manage.pyscript, and manually set the Python interpreter’s search path for the project, as well as the Python module name for the project’s setting module.
- Name: You can set this to whatever you like.
Your configuration dialog should look something like this:
Next, click the Request restrictions button and edit the Mapping tab. Uncheck the “Invoke handler only if the request is mapped to…” checkbox (otherwise, IIS will have problems mapping what it thinks are subdirectories in the URL request):
Click OK on the handler information dialog. IIS will then ask you to confirm the creation of a matching FastCGI application entry which you will need to confirm. This entry will be visible in the FastCGI Settings feature, accessible at the root screen of the IIS Management Console. The default entry created by IIS itself is adequate, but there are some optional settings available which you may want to take advantage of:
- Max instances: The approach we’re employing for running FastCGI applications is single-process, single-threaded, meaning that a separate Python interpreter process will be started for each simultaneous request. This setting limits the number of simultaneous Django app instances.
- Monitor changes to file: By default, once started, the app processes will be active either until manually shut down, or until they handle Instance MaxRequest requests. By using this setting, IIS will monitor a timestamp of an arbitrary file, and if it changes, it will stop and reload app instances. This is convenient both for developers and for production environments, as it allows apps to be reloaded when changed. The “monitor a file’s timestamp for a reload indicator” is a fairly strange concept on Windows, but it’s normal in Unix-like environments, and so it was carried over here with FastCGI.
Configuring the static resource and media directories
settings.py. Well-behaved projects will use a reasonably sane path for this, but it is not standardized.
Apps which handle uploaded files store them in a similarly-managed directory which, in Django, is traditionally named
media directories need to be added to the IIS configuration as virtual directories:
The important step here is to reconfigure the Handler Mappings feature for each of the directories and remove the Django App handler, leaving the
StaticFile handler as the most important one.
Note that the
static directory must be readable by IIS (as well as all other files and directories in the Django project), but the
media directory must also be writable by IIS. The final site configuration should resemble the following:
A note about databases
SQLite works by default on Windows, as it does on Unix-like systems. Most of the other open source databases now work on Windows, even PostgreSQL, which I recommend. On existing Windows installations, though, there could be a requirement to deploy Django with the MS SQL Server. This is possible either by using an ODBC bridge driver or by using a native MS SQL driver. In theory, both work, but I haven’t tested them. At least the database connection parameters (in the project’s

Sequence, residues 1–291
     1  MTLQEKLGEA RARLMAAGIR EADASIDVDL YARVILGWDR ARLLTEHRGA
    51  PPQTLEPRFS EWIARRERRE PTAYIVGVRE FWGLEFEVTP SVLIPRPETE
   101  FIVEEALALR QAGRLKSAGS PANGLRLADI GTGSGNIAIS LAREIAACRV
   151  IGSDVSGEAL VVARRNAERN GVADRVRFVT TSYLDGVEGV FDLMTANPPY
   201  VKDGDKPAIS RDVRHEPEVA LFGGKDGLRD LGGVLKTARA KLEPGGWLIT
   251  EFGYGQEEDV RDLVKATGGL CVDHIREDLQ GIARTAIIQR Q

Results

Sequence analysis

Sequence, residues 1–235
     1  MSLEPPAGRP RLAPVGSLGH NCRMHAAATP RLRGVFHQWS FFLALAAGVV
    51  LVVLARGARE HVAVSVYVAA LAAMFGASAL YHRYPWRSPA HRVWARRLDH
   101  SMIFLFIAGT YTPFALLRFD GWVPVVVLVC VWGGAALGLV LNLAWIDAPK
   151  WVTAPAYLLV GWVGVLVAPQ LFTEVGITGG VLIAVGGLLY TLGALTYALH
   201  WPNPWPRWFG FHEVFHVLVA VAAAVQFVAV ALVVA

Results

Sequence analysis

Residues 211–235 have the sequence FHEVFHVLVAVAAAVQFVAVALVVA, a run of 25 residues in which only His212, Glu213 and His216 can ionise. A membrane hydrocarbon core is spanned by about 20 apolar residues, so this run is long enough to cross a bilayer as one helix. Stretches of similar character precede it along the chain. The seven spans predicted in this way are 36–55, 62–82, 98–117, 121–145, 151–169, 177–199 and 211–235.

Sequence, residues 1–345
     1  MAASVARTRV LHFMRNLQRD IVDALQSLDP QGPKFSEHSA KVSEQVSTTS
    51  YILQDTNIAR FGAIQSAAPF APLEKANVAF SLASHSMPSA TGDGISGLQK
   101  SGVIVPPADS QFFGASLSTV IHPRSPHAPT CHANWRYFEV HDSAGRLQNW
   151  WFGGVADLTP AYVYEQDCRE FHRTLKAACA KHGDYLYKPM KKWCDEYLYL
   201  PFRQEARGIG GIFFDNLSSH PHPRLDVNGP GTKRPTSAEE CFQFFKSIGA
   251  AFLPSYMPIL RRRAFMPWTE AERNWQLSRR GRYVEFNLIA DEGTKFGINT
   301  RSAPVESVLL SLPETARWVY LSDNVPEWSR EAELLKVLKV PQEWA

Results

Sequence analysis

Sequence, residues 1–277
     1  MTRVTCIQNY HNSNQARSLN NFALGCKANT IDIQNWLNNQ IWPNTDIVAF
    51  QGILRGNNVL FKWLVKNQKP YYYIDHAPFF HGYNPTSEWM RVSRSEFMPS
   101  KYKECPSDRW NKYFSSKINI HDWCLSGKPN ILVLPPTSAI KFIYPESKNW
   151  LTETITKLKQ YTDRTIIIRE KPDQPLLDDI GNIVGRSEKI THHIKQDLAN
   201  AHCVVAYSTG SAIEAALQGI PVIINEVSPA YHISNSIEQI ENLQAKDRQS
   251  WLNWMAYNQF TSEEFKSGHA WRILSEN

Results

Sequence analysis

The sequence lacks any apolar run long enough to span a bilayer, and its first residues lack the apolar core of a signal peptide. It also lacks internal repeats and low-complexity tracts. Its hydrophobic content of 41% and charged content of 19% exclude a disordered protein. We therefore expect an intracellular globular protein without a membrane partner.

settings.py file) need to be changed to switch to a new database. Data migration needs to be done manually.
Note that if using the SQLite database, both the database file and the directory where it is located need to be writable by IIS.
The described configuration is tested and proven to work, but if something goes wrong, here are some basic steps for troubleshooting your Django for Windows install:
- Try starting the FastCGI command line yourself. This is the command configured in the FastCGI Settings and which must match the one configured in Handler Mappings for the site.
- Install the Tracing feature for IIS, then configure it for the Django site in Failed Request Tracing Rules to trace all content (), the status code “500” and the event severity “Error”. The traces will be available as XML files (with attached XSLT) in the IIS’s
C:\inetpub\logs\FailedReqLogFilesdirectory (or a similar one, depending on your configuration). You then need to enable tracing for the particular web site (or a virtual directory) in the *Configure->Failed request tracing… action.
To be sure, Django is tailored for a Unix-like environment, and the most wide-spread and supported way of running Django is on a Linux system (e.g., with uwsgi and nginx).
Yet it doesn’t take much work to make Django run on Windows, as shown in this tutorial. Some of the steps described may seem counter-intuitive from a pure Windows perspective, but they are necessary and, fortunately, the effort spent in the configuration is one-time only. Once configured, the Django application should then behave in much the same way that it would on a Linux platform.